Fire / Arson Investigation
The U.S. Fire Administration (USFA) reports that half of all intentional structure fires are started in the home. These fires result in 85 percent of the civilian deaths, 82 percent of civilian injuries and 64 percent of direct property damage from intentional structure fires.
Five percent of fires in homes are intentionally started.
The F.B.I.’s 2008 Uniform Crime Reporting (UCR) statistics showed that 14,011 law enforcement agencies reported 62,807 arsons. Arsons involving structures (e.g. residential, storage, public, etc.) accounted for 43.4 percent of the total number of arson offenses. Mobile property (e.g. cars, motorcycles, etc.) was involved in 28.9 percent of arsons, and other types of property (crops, timber, fences, etc.) accounted for the other 27.7 percent of reported arsons.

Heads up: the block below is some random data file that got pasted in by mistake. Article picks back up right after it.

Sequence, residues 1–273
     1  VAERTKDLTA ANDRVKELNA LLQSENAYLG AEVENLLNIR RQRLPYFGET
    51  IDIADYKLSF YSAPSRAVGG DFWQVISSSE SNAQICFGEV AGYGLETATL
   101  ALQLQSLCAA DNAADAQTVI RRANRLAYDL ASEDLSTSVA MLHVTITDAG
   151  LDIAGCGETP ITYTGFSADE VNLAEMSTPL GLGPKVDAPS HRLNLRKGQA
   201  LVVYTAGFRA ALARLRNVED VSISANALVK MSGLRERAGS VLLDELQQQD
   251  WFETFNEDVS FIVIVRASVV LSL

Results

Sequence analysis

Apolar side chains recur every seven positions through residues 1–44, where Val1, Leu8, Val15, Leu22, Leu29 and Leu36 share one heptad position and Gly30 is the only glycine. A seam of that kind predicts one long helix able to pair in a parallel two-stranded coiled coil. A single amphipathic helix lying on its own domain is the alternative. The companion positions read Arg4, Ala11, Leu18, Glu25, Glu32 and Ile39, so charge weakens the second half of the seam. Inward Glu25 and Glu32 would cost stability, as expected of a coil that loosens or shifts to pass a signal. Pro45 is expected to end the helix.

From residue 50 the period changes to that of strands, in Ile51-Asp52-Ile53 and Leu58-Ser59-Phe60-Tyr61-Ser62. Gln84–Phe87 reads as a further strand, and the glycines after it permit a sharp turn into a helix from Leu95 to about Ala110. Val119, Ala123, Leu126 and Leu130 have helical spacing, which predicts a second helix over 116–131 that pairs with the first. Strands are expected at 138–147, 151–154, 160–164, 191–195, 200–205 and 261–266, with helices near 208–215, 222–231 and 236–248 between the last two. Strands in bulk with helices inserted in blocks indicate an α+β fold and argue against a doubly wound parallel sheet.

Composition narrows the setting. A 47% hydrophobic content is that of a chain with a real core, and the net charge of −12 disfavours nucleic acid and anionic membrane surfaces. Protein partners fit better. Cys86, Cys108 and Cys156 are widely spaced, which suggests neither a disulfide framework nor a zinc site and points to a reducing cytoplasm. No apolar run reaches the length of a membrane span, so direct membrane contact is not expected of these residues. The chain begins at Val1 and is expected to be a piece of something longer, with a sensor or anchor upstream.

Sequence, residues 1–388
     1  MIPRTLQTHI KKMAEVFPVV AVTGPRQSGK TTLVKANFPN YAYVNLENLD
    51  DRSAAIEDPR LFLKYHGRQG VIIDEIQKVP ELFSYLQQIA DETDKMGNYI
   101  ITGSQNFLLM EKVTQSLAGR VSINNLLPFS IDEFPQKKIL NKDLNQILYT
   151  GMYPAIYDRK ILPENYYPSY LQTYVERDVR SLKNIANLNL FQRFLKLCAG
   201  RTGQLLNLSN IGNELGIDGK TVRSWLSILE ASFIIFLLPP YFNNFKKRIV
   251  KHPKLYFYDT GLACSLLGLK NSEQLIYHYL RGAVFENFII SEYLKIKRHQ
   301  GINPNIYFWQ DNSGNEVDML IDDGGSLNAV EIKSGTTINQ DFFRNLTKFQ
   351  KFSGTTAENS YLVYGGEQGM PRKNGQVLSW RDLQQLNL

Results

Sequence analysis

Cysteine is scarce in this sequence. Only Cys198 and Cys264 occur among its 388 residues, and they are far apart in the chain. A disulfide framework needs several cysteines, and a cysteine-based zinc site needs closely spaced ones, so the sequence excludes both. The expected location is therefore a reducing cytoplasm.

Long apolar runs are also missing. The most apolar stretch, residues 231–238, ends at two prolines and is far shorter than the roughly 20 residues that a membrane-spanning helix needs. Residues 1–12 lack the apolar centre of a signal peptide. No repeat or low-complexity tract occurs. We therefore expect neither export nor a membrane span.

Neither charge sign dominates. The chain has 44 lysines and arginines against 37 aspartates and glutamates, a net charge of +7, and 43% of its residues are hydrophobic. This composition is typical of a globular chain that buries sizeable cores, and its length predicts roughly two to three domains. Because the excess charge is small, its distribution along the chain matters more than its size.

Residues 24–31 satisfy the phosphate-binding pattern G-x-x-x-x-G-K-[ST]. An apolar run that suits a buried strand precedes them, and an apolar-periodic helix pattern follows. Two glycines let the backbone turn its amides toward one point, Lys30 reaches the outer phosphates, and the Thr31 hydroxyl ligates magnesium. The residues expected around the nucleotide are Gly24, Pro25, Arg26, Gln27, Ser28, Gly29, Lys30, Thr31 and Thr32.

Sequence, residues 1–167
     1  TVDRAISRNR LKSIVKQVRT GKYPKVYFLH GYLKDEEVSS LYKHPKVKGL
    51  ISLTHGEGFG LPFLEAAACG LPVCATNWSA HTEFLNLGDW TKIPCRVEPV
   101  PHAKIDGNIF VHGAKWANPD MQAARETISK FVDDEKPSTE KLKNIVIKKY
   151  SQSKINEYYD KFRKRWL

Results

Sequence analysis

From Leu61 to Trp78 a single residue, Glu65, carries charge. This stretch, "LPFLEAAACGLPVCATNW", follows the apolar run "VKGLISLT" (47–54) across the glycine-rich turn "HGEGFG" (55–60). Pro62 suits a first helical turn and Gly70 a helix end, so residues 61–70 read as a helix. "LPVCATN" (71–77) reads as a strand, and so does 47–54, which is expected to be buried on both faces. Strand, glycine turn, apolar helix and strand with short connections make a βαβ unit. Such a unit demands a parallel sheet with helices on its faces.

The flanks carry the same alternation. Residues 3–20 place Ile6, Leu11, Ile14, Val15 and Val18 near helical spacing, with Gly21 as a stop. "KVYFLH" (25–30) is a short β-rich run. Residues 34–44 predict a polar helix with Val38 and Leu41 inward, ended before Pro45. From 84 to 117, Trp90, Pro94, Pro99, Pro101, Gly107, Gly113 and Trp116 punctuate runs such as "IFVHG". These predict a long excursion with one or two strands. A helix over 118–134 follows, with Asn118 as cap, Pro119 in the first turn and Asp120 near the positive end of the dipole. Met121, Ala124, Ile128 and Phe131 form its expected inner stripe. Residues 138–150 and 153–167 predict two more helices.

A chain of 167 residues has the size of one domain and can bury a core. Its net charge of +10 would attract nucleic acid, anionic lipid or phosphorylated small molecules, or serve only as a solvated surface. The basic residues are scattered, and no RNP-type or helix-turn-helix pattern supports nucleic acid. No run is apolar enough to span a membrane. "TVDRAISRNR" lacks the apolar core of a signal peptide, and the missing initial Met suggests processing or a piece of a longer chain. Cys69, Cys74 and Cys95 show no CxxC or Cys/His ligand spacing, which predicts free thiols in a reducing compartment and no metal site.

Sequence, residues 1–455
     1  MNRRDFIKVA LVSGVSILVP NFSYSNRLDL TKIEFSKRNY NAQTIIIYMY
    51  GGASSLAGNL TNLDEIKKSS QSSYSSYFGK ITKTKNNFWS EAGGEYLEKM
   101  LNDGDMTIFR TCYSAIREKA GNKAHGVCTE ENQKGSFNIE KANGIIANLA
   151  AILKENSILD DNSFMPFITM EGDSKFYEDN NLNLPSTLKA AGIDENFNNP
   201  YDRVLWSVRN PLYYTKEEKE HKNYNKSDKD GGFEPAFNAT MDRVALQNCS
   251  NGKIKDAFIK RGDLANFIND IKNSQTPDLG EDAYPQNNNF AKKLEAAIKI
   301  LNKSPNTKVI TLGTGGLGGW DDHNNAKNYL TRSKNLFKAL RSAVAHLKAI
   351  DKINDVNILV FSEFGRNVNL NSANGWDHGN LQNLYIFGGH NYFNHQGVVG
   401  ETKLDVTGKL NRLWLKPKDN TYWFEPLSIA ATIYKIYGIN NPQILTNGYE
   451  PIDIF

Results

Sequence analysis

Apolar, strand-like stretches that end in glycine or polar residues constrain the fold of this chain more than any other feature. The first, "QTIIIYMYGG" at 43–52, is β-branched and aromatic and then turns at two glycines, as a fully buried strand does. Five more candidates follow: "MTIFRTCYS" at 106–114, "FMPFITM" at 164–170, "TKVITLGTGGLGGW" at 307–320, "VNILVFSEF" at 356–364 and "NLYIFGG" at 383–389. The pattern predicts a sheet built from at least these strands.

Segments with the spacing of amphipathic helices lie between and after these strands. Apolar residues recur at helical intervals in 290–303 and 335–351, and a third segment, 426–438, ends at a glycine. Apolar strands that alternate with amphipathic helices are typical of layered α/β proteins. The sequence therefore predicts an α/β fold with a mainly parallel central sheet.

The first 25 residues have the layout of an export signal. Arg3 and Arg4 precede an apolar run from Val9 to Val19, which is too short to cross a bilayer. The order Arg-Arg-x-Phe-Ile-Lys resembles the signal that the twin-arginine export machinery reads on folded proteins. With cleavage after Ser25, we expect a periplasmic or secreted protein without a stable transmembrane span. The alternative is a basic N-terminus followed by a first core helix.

Average dollar loss for all types of arson was $16,015 per incident. For structures, arson damages averaged $32,364 and $7,890 for motor vehicles.
Arsons of industrial and manufacturing structures resulted in the highest loss—an average of $212,388 per arson.
The national arson conviction rate is one percent. Hidalgo County’s arson conviction rate is 26 percent.
How to Prevent Arson
Clean up your neighborhood by removing all garbage, materials, and excess vegetation that is capable of being ignited.
Remove sources of ignition such as old gasoline containers.
Remove abandoned vehicles (most car fires are set to cover up other crimes) and keep a close eye on abandoned homes, which are frequent targets for vandalism and arson.
Contact public works to disconnect all utilities at abandoned properties, including natural gas, water and electricity.
Encourage a neighborhood watch system. Write down suspicious people’s characteristics, cars and actions.